It’s no secret marketers spend a fair amount of hours in building the perfect email. Lots of thought goes into providing creative direction to your graphics designer. Your developer is tasked with ensuring all landing pages reflect the planned user experience. Countless hours are spent on reviewing content to ensure the tone and messaging is on par with branding and campaign goals. But is that always enough? How many times have you obsessed over one critical component of your email only to miss the mark on another very basic element?
In order to get it right the first time, it’s important to fully understand the purpose behind every element of your e-mail – from the moment it hits your subscribers' inbox to the time the recipient hopefully opens and reads your email communications.
Pre-Email Open Elements
The Friendly From Name
This is the name that appears in a readers inbox in the “From” section. This lets your reader immediately recognize who the sender is. Some marketers will alternate the friendly from name for various email communications. There are several reasons you may or may not want to do this.
Generally speaking, if you’re a retail shop mostly sending one type of communication (most likely a promotional or transactional email), you won’t have a need to change this up. In fact, it is more important for you to stay consistent and true to your branding for immediate recognition.
If you’re an editorial publication, however, you may have different newsletters and subscribers who opt into more than one of your products. For this reason, you’ll want each friendly from name to be directly tied to the product you are subscribed too. If you sign up for emails from Inc magazine for example, you may receive emails from "Inc Today’s Must Read" and "Inc Events". This simple technique allows readers to open whatever email resonates strongest from your brand and will, over time, give you more accurate insights on the value and response your communication brings.
In either example, if you are a business looking to make a big business announcement, like a new product launch or unveiling a new section of your website, you may want this announcement to come in the form of a letter from the company president and thereby use their first and last name as the Friendly From. This approach tends to generate more opens as users relate stronger to a real live person sending them an email and also makes the reader feel a bit extra special.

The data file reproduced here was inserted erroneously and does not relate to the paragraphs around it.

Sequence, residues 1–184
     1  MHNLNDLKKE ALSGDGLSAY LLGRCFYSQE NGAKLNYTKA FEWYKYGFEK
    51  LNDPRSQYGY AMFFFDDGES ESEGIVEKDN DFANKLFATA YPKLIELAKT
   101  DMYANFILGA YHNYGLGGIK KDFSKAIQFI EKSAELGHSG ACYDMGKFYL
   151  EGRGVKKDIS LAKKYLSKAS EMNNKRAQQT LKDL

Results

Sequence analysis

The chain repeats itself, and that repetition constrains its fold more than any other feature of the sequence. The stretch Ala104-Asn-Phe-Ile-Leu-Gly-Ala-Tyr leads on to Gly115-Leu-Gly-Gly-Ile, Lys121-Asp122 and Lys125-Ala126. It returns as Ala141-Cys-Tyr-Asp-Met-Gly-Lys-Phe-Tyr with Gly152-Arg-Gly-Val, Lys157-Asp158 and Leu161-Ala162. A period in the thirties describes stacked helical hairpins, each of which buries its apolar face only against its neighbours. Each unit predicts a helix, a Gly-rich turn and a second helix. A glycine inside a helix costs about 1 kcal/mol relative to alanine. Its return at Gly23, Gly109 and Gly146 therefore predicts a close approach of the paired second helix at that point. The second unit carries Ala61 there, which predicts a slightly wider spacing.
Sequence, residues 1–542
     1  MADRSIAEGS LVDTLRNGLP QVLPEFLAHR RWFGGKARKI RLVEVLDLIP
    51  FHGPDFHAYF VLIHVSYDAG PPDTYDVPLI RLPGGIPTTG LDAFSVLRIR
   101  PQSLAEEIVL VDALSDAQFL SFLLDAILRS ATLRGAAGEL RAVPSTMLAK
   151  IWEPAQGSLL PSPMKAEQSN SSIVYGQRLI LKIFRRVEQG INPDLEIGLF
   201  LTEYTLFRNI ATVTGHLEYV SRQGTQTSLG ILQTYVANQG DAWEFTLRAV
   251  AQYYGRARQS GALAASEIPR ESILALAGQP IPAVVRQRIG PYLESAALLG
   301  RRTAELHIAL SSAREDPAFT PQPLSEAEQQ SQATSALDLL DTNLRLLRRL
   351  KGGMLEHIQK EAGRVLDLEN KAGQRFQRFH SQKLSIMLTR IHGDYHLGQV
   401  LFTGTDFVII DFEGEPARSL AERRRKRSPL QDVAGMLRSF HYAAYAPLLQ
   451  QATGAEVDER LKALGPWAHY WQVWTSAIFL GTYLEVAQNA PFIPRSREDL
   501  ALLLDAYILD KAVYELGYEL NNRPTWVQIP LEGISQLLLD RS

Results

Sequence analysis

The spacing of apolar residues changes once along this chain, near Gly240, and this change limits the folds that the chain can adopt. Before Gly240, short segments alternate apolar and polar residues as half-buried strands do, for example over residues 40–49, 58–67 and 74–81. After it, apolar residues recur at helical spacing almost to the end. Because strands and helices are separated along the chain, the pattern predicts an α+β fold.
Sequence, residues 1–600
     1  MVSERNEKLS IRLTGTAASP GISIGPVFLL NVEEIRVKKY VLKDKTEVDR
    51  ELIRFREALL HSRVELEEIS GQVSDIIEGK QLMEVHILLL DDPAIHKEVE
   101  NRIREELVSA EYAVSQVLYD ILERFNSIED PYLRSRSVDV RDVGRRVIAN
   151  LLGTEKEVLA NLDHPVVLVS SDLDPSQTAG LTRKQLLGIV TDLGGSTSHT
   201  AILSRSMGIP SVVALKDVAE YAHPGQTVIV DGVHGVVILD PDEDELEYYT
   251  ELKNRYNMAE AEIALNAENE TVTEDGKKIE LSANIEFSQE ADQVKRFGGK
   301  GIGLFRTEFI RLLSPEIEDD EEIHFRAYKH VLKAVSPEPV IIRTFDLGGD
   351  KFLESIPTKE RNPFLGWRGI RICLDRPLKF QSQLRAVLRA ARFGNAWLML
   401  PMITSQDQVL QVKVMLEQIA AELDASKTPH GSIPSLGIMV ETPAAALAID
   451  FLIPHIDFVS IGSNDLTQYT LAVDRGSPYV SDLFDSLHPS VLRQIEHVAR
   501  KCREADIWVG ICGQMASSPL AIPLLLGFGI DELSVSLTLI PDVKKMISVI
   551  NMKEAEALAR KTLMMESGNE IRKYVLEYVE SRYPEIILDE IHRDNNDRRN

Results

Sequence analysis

Your subject line is most often the determining factor of whether or not your email gets opened. Typically your subject line should be short, direct and related to the subject matter of your email.
There are several aspects that may increase the chances of being opened. They include:
- First name personalization i.e. You asked for it, Julie!
- Time sensitive – i.e. 4 hours left to save! - Sparks curiosity or asks a question – i.e. How is your portfolio doing?
- Preys on the emotions of your reader – i.e. You might not hear from us again
Conversely, there are factors that will prevent your subject line from gathering opens:
- an excess of spammy words, capitalization and/or punctuation – Free, Cash, SAVE NOW!!!!!!!
- Exceeding the recommended 40 characters (anything more than this will be truncated on mobile)
- Click bait – though this might get you the initial open, your credibility (and consequently email opens) will decline over time
Pro Tip: Rate your subject lines before hitting send by using subjectline.com